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Response to doc03 (Reply #7)

Mon Jul 25, 2022, 10:18 AM

8. The NBER calls a recession at the TOP of the economy --

Per the NBER ( http://www.nber.org/cycles/recessions_faq.html ), recessions (contractions) begin at the peak of the economy and end at the trough (bottom) of the economy. And expansions (recoveries) begin at the trough of the economy and end at the peak of the economy.

One can see the recessions (the gray bands) beginning at about the point that unemployment is lowest.


As for why we're having GDP contraction (Q1 at -1.6% annualized), I guess supply chain disruptions, causing huge drops in productivity. This is from the latest BLS productivity report --


Nonfarm business sector labor productivity decreased 7.3 percent in the first quarter of 2022, the U.S.
Bureau of Labor Statistics reported today, as output decreased 2.3 percent and hours worked increased 5.4 percent.
This is the largest decline in quarterly productivity since the third quarter of 1947, when the measure decreased 11.7 percent. (All quarterly percent changes in this release are seasonally adjusted annual rates.) From the same quarter a year ago, nonfarm business sector labor productivity decreased 0.6 percent, reflecting a 4.2-percent increase in output that was outpaced by a 4.8-percent increase in hours worked. (See table A1.) This is the largest four-quarter decline since the fourth quarter of 1993, when the measure also declined 0.6 percent.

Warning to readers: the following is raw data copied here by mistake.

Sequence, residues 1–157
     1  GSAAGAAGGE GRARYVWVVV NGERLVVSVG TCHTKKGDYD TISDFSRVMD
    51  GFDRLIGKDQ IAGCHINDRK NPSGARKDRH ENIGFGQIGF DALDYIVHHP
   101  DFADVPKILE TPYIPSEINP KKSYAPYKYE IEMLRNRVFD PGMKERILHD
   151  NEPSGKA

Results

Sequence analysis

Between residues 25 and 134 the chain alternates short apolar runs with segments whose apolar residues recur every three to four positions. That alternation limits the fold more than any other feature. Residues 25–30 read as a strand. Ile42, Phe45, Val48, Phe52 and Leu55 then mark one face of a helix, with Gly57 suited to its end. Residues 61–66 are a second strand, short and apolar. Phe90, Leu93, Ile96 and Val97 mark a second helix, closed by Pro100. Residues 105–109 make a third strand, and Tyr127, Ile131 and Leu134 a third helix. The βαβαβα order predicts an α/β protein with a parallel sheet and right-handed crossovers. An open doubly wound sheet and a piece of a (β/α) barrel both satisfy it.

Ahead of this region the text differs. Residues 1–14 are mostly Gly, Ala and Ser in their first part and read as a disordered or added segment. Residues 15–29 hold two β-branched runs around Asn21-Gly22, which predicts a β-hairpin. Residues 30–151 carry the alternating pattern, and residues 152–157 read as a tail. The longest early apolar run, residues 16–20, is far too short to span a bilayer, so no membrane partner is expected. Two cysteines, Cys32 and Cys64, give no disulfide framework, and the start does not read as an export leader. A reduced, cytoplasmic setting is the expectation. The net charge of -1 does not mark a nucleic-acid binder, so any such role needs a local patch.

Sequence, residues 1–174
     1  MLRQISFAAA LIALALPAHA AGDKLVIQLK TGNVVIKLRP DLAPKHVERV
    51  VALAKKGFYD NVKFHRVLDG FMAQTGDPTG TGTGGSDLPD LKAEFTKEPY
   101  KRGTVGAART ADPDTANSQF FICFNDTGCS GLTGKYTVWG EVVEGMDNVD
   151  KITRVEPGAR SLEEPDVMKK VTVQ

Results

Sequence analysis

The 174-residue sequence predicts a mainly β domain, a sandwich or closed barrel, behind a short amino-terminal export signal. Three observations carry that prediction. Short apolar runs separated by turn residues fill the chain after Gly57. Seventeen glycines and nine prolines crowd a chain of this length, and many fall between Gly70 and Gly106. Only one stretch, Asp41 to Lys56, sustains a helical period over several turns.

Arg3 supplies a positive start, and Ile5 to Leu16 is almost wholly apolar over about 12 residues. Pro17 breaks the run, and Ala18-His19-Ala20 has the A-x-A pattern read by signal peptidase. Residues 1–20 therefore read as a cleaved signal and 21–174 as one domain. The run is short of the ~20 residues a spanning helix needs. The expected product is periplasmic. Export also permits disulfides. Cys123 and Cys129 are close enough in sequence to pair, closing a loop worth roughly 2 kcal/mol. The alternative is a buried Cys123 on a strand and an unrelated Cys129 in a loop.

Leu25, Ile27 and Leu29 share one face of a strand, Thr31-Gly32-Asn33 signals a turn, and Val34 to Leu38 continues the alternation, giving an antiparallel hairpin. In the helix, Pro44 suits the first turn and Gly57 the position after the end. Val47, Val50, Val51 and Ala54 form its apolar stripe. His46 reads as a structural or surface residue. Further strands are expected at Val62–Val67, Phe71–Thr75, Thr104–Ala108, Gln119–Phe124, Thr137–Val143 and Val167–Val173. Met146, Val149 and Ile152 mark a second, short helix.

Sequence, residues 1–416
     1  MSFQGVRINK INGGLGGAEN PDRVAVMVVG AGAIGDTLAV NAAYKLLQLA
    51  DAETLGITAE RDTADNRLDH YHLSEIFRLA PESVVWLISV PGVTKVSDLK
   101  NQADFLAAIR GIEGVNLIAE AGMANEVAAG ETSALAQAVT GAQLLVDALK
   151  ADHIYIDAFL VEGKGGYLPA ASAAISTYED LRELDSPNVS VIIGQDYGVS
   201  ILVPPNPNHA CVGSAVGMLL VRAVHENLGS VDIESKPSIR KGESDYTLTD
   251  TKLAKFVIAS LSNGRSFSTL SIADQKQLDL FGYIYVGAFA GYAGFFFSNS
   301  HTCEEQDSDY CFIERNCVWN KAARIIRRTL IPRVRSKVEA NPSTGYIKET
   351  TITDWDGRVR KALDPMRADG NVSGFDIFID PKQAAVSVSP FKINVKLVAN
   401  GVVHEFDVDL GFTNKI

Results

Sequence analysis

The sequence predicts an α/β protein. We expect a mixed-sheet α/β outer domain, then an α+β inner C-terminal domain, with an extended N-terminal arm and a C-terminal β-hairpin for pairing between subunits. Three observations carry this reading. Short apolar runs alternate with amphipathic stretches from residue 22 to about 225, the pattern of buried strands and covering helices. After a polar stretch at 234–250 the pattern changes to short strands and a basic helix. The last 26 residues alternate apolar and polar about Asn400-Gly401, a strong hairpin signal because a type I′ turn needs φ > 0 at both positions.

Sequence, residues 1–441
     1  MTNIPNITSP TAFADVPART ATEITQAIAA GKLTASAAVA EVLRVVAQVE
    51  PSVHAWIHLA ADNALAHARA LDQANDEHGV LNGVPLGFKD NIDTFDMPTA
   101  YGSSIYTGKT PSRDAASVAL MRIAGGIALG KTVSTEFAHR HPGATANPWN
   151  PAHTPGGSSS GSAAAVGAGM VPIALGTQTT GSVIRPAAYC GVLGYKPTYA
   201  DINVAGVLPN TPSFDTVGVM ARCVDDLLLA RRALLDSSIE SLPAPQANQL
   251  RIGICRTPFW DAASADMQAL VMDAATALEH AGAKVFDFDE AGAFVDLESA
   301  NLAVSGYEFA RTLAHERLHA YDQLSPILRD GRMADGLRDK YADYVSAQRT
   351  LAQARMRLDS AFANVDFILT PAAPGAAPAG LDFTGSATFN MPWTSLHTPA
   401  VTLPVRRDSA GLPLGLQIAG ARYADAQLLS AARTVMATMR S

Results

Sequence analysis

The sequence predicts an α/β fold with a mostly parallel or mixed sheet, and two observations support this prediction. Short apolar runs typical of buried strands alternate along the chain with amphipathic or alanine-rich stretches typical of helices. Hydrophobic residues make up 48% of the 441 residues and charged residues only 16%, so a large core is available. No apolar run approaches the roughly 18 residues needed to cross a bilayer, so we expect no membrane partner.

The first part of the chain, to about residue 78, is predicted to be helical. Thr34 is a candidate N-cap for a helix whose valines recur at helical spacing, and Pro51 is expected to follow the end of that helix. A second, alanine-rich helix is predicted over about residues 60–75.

I'm hoping the explanation is supply-chain, which has been easing, and that it has been easing enough to make Q2 come out positive GDP-wise.

It is possible that a tight labor side can be part of the economic output reduction as well.

To me, it doesn't feel like labor force nirvana when wages / salaries are not keeping up with inflation. And my life savings and fixed-dollar annuity is rapidly eroding in purchasing power.

I got my first professional job in 1977, in the aftermath of 1973-74 recession when the unemployment rate was 7.5%, after many months of unemployment after graduation with an MSEE, so it's not my first rodeo, recession-wise. And I agree that the present situation isn't at all like any of these past recessions.

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